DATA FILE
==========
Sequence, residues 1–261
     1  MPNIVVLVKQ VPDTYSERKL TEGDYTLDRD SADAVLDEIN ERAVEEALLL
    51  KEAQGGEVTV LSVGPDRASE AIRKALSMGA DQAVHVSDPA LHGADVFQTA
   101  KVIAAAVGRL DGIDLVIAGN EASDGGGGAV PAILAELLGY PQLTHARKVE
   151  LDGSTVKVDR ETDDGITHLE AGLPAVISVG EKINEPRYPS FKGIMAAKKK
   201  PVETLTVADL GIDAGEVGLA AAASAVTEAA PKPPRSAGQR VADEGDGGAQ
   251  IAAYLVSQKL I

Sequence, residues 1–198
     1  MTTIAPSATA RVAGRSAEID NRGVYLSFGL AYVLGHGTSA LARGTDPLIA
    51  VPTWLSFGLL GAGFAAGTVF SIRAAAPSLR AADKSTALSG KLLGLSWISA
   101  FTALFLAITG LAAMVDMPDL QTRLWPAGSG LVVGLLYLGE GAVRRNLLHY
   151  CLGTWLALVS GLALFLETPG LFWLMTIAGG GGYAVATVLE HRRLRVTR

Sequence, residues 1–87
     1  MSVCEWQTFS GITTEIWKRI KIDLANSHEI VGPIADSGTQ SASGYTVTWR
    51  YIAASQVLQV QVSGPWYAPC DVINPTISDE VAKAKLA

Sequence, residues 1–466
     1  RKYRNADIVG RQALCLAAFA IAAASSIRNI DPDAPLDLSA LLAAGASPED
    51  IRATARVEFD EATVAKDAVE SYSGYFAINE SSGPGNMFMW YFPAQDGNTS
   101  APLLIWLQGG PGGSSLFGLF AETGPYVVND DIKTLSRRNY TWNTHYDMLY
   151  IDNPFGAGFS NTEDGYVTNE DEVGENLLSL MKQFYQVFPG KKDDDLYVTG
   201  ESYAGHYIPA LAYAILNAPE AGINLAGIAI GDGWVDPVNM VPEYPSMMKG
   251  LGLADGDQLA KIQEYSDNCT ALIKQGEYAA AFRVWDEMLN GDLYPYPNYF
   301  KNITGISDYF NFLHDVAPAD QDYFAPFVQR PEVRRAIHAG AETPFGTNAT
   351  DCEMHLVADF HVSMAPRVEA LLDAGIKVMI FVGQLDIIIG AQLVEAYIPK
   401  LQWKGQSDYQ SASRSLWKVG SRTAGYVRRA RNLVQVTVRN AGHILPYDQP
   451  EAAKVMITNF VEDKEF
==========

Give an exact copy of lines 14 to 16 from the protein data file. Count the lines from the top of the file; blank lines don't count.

     1  MSVCEWQTFS GITTEIWKRI KIDLANSHEI VGPIADSGTQ SASGYTVTWR
    51  YIAASQVLQV QVSGPWYAPC DVINPTISDE VAKAKLA

Sequence, residues 1–466